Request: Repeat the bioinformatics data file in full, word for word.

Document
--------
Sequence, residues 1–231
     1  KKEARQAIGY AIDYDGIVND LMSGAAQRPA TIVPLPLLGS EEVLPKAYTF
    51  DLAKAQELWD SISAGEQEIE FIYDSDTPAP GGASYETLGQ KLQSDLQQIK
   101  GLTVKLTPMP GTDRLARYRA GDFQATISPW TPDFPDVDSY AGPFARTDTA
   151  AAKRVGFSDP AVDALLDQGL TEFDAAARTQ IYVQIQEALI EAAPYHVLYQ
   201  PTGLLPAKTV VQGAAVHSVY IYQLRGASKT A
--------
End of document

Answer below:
Sequence, residues 1–231
     1  KKEARQAIGY AIDYDGIVND LMSGAAQRPA TIVPLPLLGS EEVLPKAYTF
    51  DLAKAQELWD SISAGEQEIE FIYDSDTPAP GGASYETLGQ KLQSDLQQIK
   101  GLTVKLTPMP GTDRLARYRA GDFQATISPW TPDFPDVDSY AGPFARTDTA
   151  AAKRVGFSDP AVDALLDQGL TEFDAAARTQ IYVQIQEALI EAAPYHVLYQ
   201  PTGLLPAKTV VQGAAVHSVY IYQLRGASKT A